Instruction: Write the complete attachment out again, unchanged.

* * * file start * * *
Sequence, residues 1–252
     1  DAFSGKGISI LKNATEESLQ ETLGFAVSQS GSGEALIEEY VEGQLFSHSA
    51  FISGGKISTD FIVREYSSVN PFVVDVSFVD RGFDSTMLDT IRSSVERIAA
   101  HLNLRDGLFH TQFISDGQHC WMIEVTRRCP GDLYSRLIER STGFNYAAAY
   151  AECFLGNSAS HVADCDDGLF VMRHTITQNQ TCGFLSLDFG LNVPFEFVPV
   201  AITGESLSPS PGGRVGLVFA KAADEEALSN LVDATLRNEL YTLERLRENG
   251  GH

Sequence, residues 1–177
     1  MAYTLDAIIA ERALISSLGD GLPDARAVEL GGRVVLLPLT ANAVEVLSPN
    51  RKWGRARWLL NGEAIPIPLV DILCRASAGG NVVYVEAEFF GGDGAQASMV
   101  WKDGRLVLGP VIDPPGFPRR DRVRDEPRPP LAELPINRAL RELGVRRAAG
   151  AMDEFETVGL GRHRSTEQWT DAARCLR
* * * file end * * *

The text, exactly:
Sequence, residues 1–252
     1  DAFSGKGISI LKNATEESLQ ETLGFAVSQS GSGEALIEEY VEGQLFSHSA
    51  FISGGKISTD FIVREYSSVN PFVVDVSFVD RGFDSTMLDT IRSSVERIAA
   101  HLNLRDGLFH TQFISDGQHC WMIEVTRRCP GDLYSRLIER STGFNYAAAY
   151  AECFLGNSAS HVADCDDGLF VMRHTITQNQ TCGFLSLDFG LNVPFEFVPV
   201  AITGESLSPS PGGRVGLVFA KAADEEALSN LVDATLRNEL YTLERLRENG
   251  GH

Sequence, residues 1–177
     1  MAYTLDAIIA ERALISSLGD GLPDARAVEL GGRVVLLPLT ANAVEVLSPN
    51  RKWGRARWLL NGEAIPIPLV DILCRASAGG NVVYVEAEFF GGDGAQASMV
   101  WKDGRLVLGP VIDPPGFPRR DRVRDEPRPP LAELPINRAL RELGVRRAAG
   151  AMDEFETVGL GRHRSTEQWT DAARCLR